From 2003 to 2014, Professor Goodmark was on the faculty at the University of Baltimore School of Law, where she served as Director of Clinical Education and Co-director of the Center on Applied Feminism. From 2000 to 2003, Professor Goodmark was the Director of the Children and Domestic Violence Project at the American Bar Association Center on Children and the Law. Before joining the Center on Children and the Law, Professor Goodmark represented battered women and children in the District of Columbia in custody, visitation, child support, restraining order, and other civil matters. Professor Goodmark is a graduate of Yale University and Stanford Law School.
Elena Sorda is a Visiting Endeavour Research Fellow at TC Beirne School of Law until December 31st. Elena is a post-doctoral fellow from the University of Genoa, Italy, where she also graduated in Law in 2010. Since March 2014 she has held a PhD in Public Comparative Law from the University of Siena. Elena has also been a visiting scholar at the Complutense University of Madrid, Spain, and at the Autonomous University of Coahuila, in Saltillo, Mexico.
Elena’s main research interests involve freedom of religion and social rights. Her PhD thesis focused on freedom of religion and employment relationships in the private sector and she conducted her research giving a special attention to the European multilevel human rights framework, as well as the Italian and Spanish systems.
She has written articles in Italian, Spanish and English and has presented the results of her research at Congresses and Symposiums both in Italy and abroad, including: the First Inter-American Observatory on Human Rights (May 2015, Saltillo, Mexico), the IACL-AIDC IX World Congress of Constitutional Law (June 2014, Oslo, Norway) and the IV Biennial Symposium of Young Comparative Law Scholars (May 2014, Roma, Italy).
Allison Fish is a postdoctoral fellow at the University of California, Davis, with the Innovating Communication in Scholarship program. She holds a J.D. from the University of Arizona and a Ph.D. in Anthropology from the University of California, Irvine.
Her principal interests are in the areas cultural anthropology, socio-legal studies, and science and technology studies. Two questions that have directed much of her recent work are: How is valuable intangible cultural heritage managed through legal forms and digital technologies? And How is access to this knowledge being framed as a fundamental human right and critical pathway to social enfranchisement?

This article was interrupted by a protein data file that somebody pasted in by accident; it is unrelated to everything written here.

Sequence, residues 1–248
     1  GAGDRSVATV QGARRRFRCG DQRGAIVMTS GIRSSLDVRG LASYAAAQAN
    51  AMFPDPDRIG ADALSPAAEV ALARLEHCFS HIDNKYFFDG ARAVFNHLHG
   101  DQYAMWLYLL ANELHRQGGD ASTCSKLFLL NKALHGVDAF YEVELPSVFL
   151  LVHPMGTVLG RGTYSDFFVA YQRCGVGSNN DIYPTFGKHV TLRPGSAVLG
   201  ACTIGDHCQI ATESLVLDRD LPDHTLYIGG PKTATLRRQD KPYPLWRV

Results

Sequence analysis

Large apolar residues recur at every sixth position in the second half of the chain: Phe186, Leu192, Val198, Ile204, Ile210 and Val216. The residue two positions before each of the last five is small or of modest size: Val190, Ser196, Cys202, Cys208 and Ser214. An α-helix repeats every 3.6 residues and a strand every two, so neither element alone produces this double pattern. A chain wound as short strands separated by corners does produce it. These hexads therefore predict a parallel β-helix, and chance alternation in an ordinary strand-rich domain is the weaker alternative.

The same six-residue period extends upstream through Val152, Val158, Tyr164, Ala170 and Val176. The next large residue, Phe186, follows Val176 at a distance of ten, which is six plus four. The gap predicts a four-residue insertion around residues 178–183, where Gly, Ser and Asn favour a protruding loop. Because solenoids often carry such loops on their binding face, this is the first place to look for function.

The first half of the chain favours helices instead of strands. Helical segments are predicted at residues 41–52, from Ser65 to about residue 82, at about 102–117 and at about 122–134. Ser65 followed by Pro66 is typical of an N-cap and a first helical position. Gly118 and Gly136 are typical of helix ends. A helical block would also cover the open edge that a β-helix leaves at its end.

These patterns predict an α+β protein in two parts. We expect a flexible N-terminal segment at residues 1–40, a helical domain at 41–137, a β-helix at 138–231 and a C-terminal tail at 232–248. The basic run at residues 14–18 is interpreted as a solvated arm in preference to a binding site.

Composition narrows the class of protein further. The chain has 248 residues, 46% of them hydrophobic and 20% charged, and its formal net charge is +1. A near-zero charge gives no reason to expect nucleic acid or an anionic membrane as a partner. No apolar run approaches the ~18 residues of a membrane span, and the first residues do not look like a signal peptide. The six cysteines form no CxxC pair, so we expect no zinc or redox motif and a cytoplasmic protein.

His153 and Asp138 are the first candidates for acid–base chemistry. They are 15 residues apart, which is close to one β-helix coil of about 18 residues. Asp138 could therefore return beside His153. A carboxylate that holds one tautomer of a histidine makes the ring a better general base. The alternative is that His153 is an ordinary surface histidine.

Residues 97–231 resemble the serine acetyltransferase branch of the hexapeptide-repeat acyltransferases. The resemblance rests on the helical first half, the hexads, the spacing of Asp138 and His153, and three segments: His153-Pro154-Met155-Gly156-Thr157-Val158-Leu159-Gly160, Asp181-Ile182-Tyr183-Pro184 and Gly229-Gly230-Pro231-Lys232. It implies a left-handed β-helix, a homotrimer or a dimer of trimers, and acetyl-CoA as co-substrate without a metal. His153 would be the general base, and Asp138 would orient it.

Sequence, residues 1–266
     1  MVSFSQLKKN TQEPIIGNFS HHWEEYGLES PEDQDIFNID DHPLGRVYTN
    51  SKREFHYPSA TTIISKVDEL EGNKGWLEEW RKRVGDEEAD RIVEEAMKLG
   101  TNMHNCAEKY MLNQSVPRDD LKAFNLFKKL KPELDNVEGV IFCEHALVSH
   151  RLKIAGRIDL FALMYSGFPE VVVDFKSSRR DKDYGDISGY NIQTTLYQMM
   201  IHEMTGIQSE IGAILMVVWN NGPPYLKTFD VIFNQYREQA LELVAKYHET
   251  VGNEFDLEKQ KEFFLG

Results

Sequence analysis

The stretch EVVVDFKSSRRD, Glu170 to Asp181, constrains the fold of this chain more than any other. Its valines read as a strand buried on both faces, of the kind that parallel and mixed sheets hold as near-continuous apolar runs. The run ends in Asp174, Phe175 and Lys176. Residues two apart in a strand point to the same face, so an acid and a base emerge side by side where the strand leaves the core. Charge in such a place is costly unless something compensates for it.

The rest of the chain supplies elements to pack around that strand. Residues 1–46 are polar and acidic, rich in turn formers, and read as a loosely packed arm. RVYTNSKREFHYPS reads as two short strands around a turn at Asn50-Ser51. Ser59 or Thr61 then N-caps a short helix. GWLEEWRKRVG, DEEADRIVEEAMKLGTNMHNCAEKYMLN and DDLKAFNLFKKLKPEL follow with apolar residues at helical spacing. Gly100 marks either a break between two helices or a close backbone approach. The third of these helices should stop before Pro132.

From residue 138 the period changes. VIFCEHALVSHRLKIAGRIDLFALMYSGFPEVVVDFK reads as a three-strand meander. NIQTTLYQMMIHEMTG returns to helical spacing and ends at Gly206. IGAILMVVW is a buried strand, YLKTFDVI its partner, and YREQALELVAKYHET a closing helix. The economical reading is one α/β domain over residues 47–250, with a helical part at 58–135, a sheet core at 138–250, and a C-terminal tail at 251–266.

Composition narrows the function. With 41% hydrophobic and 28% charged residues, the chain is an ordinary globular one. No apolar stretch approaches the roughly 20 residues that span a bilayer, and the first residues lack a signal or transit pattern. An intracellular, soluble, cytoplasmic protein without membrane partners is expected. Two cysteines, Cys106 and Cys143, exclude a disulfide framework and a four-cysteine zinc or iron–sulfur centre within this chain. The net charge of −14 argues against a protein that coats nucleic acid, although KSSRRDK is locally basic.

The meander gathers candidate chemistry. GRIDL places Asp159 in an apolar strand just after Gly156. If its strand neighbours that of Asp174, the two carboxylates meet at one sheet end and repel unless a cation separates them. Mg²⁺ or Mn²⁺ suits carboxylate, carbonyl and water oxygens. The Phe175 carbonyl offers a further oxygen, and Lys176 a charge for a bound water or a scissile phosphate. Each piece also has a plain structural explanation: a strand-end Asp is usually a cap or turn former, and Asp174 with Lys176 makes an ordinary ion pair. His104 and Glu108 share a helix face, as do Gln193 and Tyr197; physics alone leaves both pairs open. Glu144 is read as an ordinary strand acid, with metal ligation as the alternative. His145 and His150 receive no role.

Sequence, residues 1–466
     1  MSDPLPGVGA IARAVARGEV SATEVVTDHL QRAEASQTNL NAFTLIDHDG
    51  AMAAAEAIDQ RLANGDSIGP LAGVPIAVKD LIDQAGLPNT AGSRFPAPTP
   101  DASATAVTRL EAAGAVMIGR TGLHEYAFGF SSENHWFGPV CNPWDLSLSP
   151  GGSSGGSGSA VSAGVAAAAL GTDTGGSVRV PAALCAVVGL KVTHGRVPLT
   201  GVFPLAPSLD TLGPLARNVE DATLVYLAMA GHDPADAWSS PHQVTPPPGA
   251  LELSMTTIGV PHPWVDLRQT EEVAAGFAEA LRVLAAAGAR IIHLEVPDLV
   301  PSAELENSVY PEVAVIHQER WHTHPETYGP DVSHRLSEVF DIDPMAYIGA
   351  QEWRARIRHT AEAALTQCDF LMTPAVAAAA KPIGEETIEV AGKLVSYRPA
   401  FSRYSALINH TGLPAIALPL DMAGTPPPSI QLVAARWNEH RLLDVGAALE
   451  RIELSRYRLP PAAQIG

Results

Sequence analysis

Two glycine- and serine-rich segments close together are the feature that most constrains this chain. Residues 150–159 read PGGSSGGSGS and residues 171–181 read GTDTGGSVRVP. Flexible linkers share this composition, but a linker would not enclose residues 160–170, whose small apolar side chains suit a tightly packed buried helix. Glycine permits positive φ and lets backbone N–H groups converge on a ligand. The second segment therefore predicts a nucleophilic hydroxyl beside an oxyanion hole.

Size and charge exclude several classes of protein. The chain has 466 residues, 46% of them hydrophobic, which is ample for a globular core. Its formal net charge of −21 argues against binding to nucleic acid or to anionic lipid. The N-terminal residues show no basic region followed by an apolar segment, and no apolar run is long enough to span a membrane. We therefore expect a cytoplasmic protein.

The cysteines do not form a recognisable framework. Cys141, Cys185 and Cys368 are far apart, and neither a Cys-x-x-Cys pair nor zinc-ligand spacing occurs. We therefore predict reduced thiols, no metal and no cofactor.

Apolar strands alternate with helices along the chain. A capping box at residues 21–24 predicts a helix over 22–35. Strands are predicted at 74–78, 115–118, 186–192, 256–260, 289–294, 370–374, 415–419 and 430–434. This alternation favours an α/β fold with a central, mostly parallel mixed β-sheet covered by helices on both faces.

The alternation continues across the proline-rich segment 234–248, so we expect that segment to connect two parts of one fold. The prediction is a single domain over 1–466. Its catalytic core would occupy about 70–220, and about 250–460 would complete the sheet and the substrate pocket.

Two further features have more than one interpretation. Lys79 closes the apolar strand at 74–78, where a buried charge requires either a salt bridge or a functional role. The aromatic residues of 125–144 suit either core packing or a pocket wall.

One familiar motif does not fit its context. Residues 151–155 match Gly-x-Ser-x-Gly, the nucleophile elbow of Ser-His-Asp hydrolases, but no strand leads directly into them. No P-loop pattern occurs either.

Her primary research explores recent developments surrounding one key mechanism impacting access to knowledge - intellectual property rights. The project addresses the globalization and commodification of South Asian classical medical systems and the ramifications this has for local and international markets and legal systems. Fieldwork for this project took place over 18 months and is focused in India, but includes segments in California, Hong Kong, and Switzerland. In the next year she will complete a book-length manuscript, Laying Claim to Yoga: Intellectual Property, Cultural Rights, and the Digital Archive in India, related to this work.
Her next project is tentatively titled The Role of Cultural Heritage in Scholarly Innovation: Collaborations Between Scientists and Stewards in the Era of Big Data and Open Access. This project examines (1) the ways in which scientists continue to engage intangible cultural heritage as a source (or input) of innovation & (2) how, in the era of big data, computational science, and open access, this type of collaboration is changing or taking shape. In doing so, the research addresses the turn to digitization as a means for documenting and translating intangible cultural heritage and the ways in which these intellectual assets are rendered available for expanded scholarly inquiry. Special attention will be paid to the rights regimes implicated when scholarly inquiry is based upon intangible cultural heritage and the tension that this poses for the increasingly popular push for open access to the products of scientific research. While in the earliest stages of conceptualization, she anticipates that this work will have both critical theoretical and applied components.